Compared to the last midterm election in 2010, voter participation has gone down. And in the 2012 primary election 14,300 voters came out, about 2,000 less than this year’s midterm total of 16,500. The 2012 fall election however, which had Barack Obama at the head of the Democratic ticket, brought out 34,000 voters.
Low turnout appears to advantage a small group of highly engaged voters and well-connected politicians (see charts). Incumbents, slate members, and seasoned politicos play musical chairs in Richmond, a preservation of the status quo enabled by a fatigued, indifferent, and often absent electorate. Before Tuesday’s defeat, council member Nat Bates had been in office for almost three decades, and he still has another two years on council.
A LATINO MAJORITY IN NAME ONLY
In his concession speech Tuesday night, Bates pointed to poor voter turnout for the day’s disappointment. Shields-Reid Community Center near the North Richmond border had just 17 ballots cast by 5:30 p.m. “The African-American community doesn’t turn out unless it’s a national election,” Bates said. “There was no Obama this year.”
Although Tuesday’s voting demographics aren’t yet available, history says Latinos likely cast the fewest percentage of ballots relative to their population.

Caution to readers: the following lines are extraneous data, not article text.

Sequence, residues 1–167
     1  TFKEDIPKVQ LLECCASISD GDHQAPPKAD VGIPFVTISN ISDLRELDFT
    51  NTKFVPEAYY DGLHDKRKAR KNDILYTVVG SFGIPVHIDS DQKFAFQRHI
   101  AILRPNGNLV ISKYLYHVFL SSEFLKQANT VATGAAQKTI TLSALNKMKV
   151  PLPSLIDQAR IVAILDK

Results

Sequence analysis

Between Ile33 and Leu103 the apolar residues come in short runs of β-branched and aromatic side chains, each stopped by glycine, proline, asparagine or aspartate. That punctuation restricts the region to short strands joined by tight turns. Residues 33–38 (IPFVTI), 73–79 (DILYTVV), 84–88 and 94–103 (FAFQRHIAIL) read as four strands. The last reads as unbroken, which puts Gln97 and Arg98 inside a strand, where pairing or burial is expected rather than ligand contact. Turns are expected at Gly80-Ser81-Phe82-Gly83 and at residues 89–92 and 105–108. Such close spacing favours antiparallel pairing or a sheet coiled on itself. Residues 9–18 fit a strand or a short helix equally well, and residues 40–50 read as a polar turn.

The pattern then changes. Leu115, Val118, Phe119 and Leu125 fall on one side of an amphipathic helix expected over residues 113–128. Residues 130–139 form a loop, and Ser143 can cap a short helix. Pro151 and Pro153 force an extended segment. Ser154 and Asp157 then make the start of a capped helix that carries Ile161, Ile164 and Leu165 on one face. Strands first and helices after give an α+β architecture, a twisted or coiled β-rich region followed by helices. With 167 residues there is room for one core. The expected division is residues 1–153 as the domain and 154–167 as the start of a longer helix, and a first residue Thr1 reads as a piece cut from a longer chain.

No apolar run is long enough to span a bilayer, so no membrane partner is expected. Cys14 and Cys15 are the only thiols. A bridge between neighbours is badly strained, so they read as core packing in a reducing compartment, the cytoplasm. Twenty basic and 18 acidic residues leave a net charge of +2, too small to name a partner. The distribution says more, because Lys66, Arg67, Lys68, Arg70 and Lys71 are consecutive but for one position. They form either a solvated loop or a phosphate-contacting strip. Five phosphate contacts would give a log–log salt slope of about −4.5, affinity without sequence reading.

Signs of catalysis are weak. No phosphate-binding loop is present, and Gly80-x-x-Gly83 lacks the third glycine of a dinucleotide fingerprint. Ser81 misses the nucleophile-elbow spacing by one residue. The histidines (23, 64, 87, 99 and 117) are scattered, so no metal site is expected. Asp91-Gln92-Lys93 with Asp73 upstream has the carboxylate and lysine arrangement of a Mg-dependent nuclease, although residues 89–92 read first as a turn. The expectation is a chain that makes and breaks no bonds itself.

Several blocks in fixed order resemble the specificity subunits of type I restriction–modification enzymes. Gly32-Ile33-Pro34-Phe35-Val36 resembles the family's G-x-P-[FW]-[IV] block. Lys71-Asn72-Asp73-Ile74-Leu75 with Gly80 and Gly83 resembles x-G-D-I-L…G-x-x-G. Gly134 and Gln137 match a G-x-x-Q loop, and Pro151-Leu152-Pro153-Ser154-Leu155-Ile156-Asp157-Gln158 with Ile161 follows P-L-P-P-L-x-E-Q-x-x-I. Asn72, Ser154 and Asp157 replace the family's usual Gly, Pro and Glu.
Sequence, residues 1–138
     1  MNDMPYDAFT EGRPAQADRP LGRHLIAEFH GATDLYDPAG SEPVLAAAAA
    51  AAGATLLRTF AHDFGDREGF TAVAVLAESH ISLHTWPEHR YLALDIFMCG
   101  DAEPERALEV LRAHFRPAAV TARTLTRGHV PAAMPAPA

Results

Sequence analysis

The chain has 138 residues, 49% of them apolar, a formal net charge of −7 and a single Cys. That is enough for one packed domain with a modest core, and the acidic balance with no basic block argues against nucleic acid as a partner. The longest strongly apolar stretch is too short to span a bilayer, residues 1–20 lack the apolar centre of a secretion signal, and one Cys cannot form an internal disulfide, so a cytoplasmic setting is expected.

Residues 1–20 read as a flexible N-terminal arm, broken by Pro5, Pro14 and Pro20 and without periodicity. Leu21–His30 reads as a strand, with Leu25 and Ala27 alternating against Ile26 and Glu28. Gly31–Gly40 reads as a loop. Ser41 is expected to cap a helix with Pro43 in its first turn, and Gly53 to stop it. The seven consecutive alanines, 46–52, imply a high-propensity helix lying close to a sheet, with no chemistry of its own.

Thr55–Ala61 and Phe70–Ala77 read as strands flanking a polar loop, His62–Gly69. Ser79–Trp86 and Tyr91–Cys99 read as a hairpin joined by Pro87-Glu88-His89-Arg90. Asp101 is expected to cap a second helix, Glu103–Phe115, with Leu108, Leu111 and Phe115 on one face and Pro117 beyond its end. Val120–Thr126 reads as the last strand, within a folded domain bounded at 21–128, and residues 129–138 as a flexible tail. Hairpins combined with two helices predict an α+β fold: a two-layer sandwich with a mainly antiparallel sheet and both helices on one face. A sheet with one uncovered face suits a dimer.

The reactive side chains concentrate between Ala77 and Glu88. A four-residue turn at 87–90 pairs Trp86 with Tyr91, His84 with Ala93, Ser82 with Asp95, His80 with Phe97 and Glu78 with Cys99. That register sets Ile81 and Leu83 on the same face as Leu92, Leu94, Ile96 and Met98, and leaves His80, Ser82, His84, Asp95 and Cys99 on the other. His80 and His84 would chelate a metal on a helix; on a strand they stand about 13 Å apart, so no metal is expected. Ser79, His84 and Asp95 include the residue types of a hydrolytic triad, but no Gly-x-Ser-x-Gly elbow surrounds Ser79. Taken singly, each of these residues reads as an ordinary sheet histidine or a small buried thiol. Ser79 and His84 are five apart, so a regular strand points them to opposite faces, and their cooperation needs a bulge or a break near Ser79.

In the past, Richmond’s African American community—the majority a decade ago—has been well represented on the council.
But today, as in many cities in California and the Southwest, Latinos have become the majority in Richmond. But that majority shrinks to a small minority at the voting booths, according to an analysis of the U.S. Census Bureau and 2012 voter data from the Contra Costa County elections division, courtesy of U.C. Berkeley’s Statewide Database.
There are about 41,000 Latinos in Richmond, and some 7,000 (by surname) are registered to vote. But only 1,600 showed up to vote in 2012 (the latest year with available data). Among the other 63,000 non-Latinos in the city, 35,000 are registered, and about 12,700 of those voted in 2012.
Latino turnout represents just four percent of its population while the rest of the city—white, African American, Asian and other residents—sees 20 percent representation at the polls. The number of Latino ballots cast hardly reflects its majority in the city.
It’s not just an issue of turnout, which compares voters at the polls to those registered. Many Latinos can’t register. The U.S. census bureau estimates a Latino citizen voting age population of about 12,500 in Richmond after excluding persons under 18, those in prison or on parole, and the undocumented.
Quickly the Latino majority turns to a minority come Election Day.
“Their part of the pie gets smaller and smaller,” said Nicole Boyle, a data analyst at Statewide Database, and the more consistently voting (white) demographics “fill in what’s left.”